RS-232C Device Connection ................................................................................ 3-36
vi
Contents
Section 4 Maintenance and Troubleshooting
Maintenance ................................................................................................................ 4-1
System Cleaning ................................................................................................... 4-2
Keyboard Cleaning ............................................................................................... 4-2
Mouse Cleaning.................................................................................................... 4-3
Troubleshooting .......................................................................................................... 4-4
Error Messages..................................................................................................... 4-4
Diagnosing and Solving Problems ......................................................................... 4-6
Beep Codes .......................................................................................................... 4-10
Section 5 Repair
Disassembly and Reassembly ....................................................................................... 5-1
System Unit Cover Removal ................................................................................. 5-2
Expansion Board Removal.................................................................................... 5-4
SIMM Removal.................................................................................................... 5-4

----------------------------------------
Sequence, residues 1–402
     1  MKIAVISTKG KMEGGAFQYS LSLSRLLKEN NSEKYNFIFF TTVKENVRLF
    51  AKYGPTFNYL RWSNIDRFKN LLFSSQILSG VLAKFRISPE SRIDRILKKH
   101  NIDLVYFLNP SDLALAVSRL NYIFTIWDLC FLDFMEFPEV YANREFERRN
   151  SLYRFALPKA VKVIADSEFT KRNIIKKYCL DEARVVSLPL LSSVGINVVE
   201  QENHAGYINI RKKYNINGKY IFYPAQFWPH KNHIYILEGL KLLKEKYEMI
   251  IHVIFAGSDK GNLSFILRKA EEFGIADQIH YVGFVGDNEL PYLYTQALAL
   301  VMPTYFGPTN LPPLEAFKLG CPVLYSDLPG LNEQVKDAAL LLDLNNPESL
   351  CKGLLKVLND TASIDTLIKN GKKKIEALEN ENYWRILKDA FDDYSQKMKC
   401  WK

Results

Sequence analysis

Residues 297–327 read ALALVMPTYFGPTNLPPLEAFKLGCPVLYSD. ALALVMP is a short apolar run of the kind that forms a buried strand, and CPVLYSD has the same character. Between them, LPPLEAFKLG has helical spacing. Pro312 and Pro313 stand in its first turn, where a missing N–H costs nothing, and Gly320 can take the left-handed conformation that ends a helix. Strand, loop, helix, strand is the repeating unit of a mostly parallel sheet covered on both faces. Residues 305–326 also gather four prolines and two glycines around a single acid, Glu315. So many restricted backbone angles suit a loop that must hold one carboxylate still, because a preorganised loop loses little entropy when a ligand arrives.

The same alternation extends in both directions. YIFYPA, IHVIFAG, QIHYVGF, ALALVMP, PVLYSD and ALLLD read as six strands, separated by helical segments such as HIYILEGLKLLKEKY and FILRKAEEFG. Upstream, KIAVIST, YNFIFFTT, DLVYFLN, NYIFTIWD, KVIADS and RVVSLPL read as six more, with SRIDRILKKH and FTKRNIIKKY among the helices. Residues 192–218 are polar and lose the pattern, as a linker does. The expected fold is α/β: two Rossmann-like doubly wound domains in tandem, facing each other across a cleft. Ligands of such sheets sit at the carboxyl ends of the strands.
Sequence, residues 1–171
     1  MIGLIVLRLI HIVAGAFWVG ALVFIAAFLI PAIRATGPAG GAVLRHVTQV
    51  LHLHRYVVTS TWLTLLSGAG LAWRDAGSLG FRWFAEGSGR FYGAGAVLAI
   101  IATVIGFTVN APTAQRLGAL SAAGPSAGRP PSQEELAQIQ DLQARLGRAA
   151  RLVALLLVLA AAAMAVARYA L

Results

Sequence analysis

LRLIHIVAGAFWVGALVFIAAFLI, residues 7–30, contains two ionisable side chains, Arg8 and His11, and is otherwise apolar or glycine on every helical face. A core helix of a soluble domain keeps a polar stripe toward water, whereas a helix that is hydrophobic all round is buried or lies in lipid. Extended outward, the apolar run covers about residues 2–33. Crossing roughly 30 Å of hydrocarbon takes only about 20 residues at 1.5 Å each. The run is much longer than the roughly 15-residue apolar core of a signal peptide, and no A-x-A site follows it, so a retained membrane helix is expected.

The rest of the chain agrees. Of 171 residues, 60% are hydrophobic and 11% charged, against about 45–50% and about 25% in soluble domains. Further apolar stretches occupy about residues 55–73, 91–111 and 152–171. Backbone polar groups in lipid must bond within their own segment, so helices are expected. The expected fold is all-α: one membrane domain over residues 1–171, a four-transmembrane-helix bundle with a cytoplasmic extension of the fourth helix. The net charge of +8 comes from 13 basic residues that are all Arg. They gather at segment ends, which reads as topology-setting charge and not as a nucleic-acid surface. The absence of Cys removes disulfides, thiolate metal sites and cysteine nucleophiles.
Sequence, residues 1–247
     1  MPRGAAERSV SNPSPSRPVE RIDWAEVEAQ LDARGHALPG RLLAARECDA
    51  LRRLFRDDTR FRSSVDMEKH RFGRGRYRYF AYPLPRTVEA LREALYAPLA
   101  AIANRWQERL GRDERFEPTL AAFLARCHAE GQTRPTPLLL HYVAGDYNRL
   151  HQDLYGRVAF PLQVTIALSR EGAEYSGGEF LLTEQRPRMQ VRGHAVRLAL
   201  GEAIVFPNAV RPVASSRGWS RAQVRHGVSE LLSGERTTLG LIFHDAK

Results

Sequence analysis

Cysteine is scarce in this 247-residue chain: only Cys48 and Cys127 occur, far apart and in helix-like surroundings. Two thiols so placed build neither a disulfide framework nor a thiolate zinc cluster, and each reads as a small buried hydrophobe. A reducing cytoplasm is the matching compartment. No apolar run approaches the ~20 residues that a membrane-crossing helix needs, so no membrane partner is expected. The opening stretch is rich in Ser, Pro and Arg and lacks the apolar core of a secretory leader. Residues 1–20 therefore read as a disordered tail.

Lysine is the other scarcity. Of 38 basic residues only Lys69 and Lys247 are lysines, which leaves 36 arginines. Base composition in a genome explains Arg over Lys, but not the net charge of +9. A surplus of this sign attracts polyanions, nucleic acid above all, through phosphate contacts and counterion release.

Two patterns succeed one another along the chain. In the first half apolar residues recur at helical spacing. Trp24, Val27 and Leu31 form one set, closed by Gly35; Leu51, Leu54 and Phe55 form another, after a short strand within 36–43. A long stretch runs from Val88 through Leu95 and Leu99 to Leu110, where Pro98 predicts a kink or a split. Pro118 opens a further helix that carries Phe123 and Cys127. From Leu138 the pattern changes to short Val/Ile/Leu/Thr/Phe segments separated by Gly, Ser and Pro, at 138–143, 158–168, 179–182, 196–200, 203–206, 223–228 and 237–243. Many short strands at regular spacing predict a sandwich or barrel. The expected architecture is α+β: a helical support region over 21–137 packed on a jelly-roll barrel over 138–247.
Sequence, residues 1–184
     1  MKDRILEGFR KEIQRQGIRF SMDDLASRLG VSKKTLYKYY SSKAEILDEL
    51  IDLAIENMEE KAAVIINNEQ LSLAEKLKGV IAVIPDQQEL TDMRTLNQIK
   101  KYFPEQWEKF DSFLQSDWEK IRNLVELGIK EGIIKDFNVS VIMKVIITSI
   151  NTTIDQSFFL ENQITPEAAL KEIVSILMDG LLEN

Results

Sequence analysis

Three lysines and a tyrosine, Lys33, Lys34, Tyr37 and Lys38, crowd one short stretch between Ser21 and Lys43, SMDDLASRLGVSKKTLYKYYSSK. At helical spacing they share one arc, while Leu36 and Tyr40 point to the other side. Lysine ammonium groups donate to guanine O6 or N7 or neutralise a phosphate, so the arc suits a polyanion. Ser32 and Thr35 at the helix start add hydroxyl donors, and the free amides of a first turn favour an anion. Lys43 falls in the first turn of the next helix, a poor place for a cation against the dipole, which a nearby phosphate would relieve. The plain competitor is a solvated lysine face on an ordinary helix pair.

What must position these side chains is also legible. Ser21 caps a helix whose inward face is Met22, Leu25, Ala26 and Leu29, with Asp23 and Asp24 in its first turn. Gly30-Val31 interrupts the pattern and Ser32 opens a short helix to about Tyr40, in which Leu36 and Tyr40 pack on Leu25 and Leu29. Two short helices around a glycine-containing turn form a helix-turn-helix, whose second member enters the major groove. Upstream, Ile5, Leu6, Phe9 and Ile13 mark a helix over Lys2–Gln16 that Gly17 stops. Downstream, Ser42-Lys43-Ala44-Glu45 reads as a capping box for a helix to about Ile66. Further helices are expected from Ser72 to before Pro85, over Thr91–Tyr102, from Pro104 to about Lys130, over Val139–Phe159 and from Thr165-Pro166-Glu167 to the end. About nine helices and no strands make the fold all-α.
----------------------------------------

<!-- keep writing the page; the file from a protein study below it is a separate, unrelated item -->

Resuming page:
Front Panel Assembly Removal............................................................................. 5-6
Blank Panel and Metal Cover Plate Removal......................................................... 5-7
3 1/2-Inch Drive Bracket Removal........................................................................ 5-9
Card Guide/Fan Bracket Removal......................................................................... 5-9
Speaker Assembly Removal .................................................................................. 5-10
3 1/2-inch Diskette Drive Removal ....................................................................... 5-11
5 1/4-Inch Device Removal................................................................................... 5-12
Rear Internal 3 1/2-Inch Drive Removal................................................................ 5-14
Power Supply Removal......................................................................................... 5-16
PCI/ISA Backboard Removal ............................................................................... 5-17
System Board Removal......................................................................................... 5-17
Illustrated Parts Breakdown.................................................................................. 5-18
Appendix A Connector Pin Assignments
Serial Interface Connectors.......................................................................................... A-3
Parallel Interface Connector......................................................................................... A-4
VGA Interface Connector Pin Assignments.................................................................. A-6
Speaker Connector Pin Assignments............................................................................ A-7
Power Supply Connector ............................................................................................. A-7